Sherm Poppen, Grandfather Of Snowboarding, Dies At 89 Sherm Poppen didn't become wealthy off of his invention, the Snurfer. But Poppen, who died recently at 89, is widely considered the grandfather of the multi-billion dollar snowboard industry.

Sherm Poppen, Grandfather Of Snowboarding, Dies At 89

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Before snowboarding, there was snurfing. And there would be no snurfing without Sherm Poppen. Poppen, who died recently at the age of 89, is the grandfather of the sport. But on Christmas Day in 1965, Sherman Poppen of Muskegon, Mich., was just a dad trying to find something to entertain his two young daughters. His oldest, Wendy Poppen, remembers it very well.

WENDY POPPEN: We got done opening presents and eating tons of candy canes. And we're kind of bouncing off the walls. And it was really snowy outside, of course, because it was Christmas. And my mom said, Sherm, will you get these kids out of the house? They're driving me crazy.


But Sherm Poppen had a challenge. Sleds would just sink in the fresh snow. Then, inspiration struck.


SHERM POPPEN: Suddenly, I thought, you know, that hill, that dune behind the house is a permanent wave. If you could get out there, you could ride that wave all day long.

KELLY: That's Sherm Poppen and talking to Colorado-based Erin McDaniel Media in 2011. Poppen remembered bracing together a pair of his daughter's old skis and gave it a try.


S POPPEN: Well, they just had such a good time. And then the neighborhood kids came, and they wanted to play on it. That night my wife dreamed up the contraction of snow and surf, and the name Snurfer was born.

CHANG: Within a year, Poppen had a patent for the Snurfer. It was not quite like the modern snowboard. You just stood on top of the board, steered with a rope attached to the nose and down you went.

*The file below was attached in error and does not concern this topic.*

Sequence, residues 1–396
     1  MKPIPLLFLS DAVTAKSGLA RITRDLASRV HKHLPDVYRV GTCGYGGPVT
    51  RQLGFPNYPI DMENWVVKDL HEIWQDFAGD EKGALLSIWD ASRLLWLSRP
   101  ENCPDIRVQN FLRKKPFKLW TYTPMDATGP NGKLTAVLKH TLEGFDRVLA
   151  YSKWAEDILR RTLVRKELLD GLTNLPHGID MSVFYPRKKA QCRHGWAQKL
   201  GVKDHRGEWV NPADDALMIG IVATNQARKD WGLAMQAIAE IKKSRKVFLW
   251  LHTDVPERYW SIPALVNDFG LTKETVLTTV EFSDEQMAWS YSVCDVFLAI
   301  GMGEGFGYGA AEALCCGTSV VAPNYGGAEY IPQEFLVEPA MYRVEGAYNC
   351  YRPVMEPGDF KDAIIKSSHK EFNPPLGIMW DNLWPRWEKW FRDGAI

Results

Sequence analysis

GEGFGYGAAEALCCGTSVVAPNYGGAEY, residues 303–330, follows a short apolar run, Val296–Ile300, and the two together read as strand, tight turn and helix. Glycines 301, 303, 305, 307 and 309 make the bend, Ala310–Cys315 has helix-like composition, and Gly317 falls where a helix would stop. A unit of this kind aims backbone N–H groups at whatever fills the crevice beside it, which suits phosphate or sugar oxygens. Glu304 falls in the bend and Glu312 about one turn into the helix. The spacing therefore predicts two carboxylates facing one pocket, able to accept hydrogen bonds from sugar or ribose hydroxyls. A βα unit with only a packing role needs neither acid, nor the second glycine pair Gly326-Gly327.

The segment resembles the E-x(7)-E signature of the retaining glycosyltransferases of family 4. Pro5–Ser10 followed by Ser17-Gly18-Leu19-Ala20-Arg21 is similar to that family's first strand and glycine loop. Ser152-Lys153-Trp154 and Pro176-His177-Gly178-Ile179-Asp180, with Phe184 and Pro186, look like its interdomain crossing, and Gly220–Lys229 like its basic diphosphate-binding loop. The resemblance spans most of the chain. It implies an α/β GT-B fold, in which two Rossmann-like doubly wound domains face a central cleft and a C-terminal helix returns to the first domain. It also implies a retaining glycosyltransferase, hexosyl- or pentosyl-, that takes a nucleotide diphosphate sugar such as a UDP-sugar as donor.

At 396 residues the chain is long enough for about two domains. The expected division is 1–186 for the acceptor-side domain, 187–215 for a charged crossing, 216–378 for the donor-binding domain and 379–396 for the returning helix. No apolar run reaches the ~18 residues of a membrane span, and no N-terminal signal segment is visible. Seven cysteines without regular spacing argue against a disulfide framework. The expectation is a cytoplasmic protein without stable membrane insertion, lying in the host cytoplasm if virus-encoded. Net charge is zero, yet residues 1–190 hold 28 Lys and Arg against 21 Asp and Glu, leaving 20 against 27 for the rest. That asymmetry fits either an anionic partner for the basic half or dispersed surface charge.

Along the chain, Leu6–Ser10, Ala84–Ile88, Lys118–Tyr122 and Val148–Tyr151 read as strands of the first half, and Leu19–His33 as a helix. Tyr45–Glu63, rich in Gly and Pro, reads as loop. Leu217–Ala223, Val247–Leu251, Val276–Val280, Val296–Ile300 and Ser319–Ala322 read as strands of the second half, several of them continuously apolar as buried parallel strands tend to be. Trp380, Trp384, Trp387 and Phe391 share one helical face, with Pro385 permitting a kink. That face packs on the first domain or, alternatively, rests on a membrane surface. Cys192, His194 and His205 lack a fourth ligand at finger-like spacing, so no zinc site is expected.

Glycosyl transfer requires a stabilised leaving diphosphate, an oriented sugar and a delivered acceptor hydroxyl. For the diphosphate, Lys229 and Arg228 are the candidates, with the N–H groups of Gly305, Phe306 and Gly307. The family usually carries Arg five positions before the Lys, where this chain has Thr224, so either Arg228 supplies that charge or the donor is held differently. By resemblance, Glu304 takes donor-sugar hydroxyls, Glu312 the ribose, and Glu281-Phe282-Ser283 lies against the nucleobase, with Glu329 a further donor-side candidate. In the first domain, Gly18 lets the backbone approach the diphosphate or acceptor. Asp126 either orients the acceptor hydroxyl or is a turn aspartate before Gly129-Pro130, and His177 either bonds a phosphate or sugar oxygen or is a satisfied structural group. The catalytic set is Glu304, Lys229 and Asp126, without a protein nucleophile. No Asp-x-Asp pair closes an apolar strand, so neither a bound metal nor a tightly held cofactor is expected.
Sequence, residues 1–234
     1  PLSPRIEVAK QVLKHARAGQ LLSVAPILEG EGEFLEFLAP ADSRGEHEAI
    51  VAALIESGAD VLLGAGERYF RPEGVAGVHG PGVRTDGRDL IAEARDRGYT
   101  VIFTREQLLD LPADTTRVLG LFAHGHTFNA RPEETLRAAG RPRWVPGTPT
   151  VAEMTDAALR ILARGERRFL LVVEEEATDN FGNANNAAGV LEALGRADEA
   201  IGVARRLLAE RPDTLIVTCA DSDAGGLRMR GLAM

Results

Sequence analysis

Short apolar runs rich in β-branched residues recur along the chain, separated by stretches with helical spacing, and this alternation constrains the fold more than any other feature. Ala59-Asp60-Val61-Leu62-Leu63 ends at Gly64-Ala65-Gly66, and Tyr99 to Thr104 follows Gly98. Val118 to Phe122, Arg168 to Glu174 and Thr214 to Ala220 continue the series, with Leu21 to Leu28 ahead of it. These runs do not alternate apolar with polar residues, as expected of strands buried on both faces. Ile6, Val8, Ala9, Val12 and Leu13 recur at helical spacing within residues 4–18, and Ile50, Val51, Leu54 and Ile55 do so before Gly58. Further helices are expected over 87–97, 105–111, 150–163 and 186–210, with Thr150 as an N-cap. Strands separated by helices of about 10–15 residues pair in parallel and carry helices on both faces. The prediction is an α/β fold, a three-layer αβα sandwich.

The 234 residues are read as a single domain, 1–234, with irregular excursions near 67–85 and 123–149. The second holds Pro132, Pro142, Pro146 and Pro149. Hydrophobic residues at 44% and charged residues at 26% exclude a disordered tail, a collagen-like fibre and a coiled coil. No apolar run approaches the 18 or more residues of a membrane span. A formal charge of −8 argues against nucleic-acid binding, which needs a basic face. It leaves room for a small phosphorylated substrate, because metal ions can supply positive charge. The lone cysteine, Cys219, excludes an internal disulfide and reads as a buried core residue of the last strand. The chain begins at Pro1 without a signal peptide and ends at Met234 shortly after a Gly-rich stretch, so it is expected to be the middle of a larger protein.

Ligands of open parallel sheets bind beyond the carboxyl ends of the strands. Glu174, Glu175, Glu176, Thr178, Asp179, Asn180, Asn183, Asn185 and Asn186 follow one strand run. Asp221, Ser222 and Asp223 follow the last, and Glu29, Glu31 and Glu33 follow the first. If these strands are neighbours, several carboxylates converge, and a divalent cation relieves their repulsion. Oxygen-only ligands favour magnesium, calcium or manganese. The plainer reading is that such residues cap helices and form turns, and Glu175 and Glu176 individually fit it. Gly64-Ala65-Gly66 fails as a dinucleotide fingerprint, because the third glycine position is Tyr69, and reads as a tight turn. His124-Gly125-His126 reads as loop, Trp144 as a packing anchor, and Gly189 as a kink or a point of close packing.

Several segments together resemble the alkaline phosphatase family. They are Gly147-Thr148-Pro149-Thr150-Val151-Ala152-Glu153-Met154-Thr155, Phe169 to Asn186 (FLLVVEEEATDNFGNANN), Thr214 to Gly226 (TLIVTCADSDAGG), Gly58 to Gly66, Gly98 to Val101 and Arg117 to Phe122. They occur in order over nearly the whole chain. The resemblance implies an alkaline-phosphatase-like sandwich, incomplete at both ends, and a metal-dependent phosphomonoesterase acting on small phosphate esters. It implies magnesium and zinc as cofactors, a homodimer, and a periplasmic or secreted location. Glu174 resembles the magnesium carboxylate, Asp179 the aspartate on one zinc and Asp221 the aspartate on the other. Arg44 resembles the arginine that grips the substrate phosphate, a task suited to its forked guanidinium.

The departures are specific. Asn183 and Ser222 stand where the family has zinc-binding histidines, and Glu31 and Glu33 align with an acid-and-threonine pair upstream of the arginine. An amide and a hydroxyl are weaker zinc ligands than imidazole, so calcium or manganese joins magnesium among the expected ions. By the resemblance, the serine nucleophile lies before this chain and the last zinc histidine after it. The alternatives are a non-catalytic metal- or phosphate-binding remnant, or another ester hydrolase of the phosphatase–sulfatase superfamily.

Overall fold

KELLY: The sport quickly grew from Poppen's Michigan snow dunes. Brunswick, a sports equipment company, made Snurfers starting in 1966. An estimated million of them had been sold by the end of the '70s. The Snurfing World Championships were held in Muskegon from 1968 to 1985.

CHANG: Wendy Poppen says around the second or third year of competition, a young surfer named Jake Burton Carpenter showed up with a tricked-out board. It was wider and even had boot bindings.

W POPPEN: And people were saying, no, he can't compete. This is a snurfing contest. And my dad said, no, I think it's great. Let's create a open division so people can create their own boards and compete.

KELLY: Well, Jack Burton Carpenter took his creation, and he founded Burton Snowboards, now one of the oldest and biggest snowboarding companies in the world.

CHANG: Poppen, though, never became a snowboard kajillionaire (ph). His priority was the welding supply company he owned and ran. Despite not making a ton of money, Wendy Poppen said her father had only one regret.

W POPPEN: Jake Burton wanted to buy the word snurfer, but my dad kept the name. And if he had sold it, now it would be called snurfing not snowboarding.

KELLY: Which means the world lost the chance to call out something like Chloe Kim, Olympic snurfing gold medalist.


CHANG: Happy snurfing.

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